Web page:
One problem with a business that hires telecommuter is that telecommuters are harder to keep motivated and working. It’s harder to tell if someone is working and an instant message isn’t as big of a motivator as the boss coming by and giving you a pat on the shoulder. To be clear, I’m not one of those kind of bosses to stand over your shoulder and watch you work. If you have nothing to do, hey go kick back. If you aren’t in the mood to program and want to take a couple of days of rest, please do it. If you work in crunch, 7 days a week, for 3 months and want to take a week or even two to play games you deserve it (I did this myself at my first job). What I do want to avoid is the guy who get paid on Friday so routinely works on Thursday and Friday and no other days. Or the guy who works one month out of a 9 month project (this also happened at my first job).

You can avoid much of this problem with due diligence. I believe that bosses should stop by the worker’s desk every day and ask “How are things coming along? Are there any questions I can answer? Any problems I can help you solve?” Speaking from personal experience, this is not seen as micromanagement but as a lead helping you do your job.

You can also avoid the problem by hiring self-motivated people to begin with. The problem I described is far less prevalent among educated professionals but all people need a boost from time to time to keep them going in the right direction.

My business owner friend suggested using performance based bonuses every paycheck. Paying either weekly or bi-weekly, you monitor the employees performance on a day to day basis. Based on their performance, quality, and drive that day you give them some kind of rating. When it’s time to pay, you say something like “You hit these three goals and wowed me on this feature. I’m going to throw in a bonus of X dollars on top of your paycheck.” The important thing is not to do this so often that the employee takes it for granted (at which point it’s a negative not to give a bonus rather than a positive to give one). It’s also important to avoid the appearance of unfairness or favoritism. So it should be clearly cause and effect. “I scheduled you to do X in 5 days, you did it in 3 days. That’s really impressive. I’m going to throw in a bonus in your next paycheck. While I won’t give you a bonus every time you beat a deadline, I am this time and as long as you work this hard the rewards will keep coming.”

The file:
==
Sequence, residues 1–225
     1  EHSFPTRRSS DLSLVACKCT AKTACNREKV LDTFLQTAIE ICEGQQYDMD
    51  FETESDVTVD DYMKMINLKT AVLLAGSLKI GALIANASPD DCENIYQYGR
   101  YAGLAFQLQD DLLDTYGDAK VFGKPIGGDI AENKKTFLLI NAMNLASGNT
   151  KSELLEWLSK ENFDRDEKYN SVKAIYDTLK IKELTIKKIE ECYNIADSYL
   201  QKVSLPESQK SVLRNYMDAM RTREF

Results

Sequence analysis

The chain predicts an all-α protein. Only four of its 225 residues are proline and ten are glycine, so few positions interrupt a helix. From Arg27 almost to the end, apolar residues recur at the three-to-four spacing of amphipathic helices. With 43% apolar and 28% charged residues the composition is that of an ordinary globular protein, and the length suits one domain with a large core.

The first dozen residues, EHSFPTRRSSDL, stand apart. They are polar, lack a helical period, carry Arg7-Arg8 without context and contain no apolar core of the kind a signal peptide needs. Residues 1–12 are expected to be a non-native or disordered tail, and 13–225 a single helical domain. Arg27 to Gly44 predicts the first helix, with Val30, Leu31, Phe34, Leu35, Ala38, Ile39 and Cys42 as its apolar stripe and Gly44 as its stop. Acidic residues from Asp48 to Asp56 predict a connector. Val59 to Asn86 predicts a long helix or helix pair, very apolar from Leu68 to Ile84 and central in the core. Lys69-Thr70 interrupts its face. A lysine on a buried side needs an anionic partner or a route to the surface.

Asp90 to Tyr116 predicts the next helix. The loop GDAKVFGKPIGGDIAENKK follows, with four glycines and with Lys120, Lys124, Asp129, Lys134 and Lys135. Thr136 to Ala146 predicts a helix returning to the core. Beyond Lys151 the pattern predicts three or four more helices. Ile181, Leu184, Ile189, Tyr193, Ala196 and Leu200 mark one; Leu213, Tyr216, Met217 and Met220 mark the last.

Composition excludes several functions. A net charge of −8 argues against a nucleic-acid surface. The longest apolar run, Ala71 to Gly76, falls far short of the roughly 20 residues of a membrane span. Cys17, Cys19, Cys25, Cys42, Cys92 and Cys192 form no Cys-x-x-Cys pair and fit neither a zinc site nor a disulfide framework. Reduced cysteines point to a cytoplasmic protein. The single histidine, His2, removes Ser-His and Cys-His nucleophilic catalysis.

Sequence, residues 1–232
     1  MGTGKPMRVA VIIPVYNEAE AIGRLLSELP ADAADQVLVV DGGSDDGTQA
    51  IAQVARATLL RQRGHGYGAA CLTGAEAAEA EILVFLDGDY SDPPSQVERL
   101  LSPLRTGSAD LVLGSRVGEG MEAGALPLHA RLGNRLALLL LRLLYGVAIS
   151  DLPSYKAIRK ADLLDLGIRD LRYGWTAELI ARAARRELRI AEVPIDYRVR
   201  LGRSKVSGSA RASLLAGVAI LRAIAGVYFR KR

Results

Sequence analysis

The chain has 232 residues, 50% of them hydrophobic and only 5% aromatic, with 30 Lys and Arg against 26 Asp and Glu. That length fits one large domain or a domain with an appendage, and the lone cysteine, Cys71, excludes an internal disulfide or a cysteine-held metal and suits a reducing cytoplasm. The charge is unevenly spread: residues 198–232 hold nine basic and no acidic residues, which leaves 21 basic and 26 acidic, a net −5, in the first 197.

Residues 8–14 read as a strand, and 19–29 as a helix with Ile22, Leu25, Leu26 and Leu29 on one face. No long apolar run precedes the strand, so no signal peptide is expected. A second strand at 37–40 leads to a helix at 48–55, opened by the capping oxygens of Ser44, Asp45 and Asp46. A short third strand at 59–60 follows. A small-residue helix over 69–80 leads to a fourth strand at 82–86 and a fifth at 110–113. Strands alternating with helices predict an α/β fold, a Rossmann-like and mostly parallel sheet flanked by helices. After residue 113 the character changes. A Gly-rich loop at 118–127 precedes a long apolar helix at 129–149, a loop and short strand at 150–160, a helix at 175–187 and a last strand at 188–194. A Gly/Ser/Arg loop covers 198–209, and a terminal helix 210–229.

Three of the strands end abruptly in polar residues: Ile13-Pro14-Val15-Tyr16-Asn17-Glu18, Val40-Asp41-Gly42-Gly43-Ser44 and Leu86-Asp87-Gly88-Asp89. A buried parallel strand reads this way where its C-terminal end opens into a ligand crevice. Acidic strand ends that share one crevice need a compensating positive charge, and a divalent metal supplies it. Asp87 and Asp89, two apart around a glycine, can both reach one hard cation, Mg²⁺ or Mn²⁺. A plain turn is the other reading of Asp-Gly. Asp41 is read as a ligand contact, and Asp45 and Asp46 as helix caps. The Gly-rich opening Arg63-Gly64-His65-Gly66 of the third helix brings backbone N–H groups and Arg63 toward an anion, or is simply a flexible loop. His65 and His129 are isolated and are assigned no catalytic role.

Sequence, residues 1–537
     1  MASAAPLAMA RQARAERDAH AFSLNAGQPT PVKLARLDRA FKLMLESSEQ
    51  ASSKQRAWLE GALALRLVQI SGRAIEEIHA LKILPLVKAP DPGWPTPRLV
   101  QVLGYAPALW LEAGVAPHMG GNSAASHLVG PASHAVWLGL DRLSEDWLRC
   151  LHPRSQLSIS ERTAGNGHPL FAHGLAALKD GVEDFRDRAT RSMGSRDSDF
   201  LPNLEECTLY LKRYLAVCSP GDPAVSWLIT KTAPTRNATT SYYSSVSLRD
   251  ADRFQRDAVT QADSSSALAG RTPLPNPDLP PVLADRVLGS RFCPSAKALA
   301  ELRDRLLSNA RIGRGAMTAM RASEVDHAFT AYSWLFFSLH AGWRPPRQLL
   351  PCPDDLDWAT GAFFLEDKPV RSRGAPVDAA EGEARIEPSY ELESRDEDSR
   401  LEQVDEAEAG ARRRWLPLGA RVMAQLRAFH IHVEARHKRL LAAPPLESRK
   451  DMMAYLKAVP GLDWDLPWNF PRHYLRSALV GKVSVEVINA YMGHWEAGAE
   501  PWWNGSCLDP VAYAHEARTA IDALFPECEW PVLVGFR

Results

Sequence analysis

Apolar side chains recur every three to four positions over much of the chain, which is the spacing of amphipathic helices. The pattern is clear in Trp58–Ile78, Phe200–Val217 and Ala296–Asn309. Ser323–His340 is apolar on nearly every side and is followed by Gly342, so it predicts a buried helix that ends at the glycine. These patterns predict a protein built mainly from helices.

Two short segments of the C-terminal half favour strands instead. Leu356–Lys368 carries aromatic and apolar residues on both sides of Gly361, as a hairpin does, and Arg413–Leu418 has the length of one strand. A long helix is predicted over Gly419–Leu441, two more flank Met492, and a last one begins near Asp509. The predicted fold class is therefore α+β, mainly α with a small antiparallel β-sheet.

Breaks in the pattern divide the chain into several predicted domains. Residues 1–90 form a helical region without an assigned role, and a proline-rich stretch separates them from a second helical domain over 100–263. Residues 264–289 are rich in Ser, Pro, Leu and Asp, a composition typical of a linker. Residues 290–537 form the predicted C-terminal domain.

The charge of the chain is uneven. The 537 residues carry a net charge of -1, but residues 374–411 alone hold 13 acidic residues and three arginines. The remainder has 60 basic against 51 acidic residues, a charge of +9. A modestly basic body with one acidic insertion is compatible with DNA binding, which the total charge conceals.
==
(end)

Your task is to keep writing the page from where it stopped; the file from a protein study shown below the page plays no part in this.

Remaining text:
Similarly, my friend suggested starting new employees at a slightly lower pay for X months. The problem with most people is that their enthusiasm wanes after a month. I’ve seen this when I managed reviewers who do a great job on their first review, an OK job on their second, and simply not do the third. A new hire costs you a lot more than an existing hire because of training. So it’s fair that they make less at first and fair that they make more after they have proven they can work over the long haul. It’s a way to keep costs down from bad hires as well as is an incentive to work harder. It’s similar to a regular rate of promotion, except it’s performance based and shouldn’t be expected.

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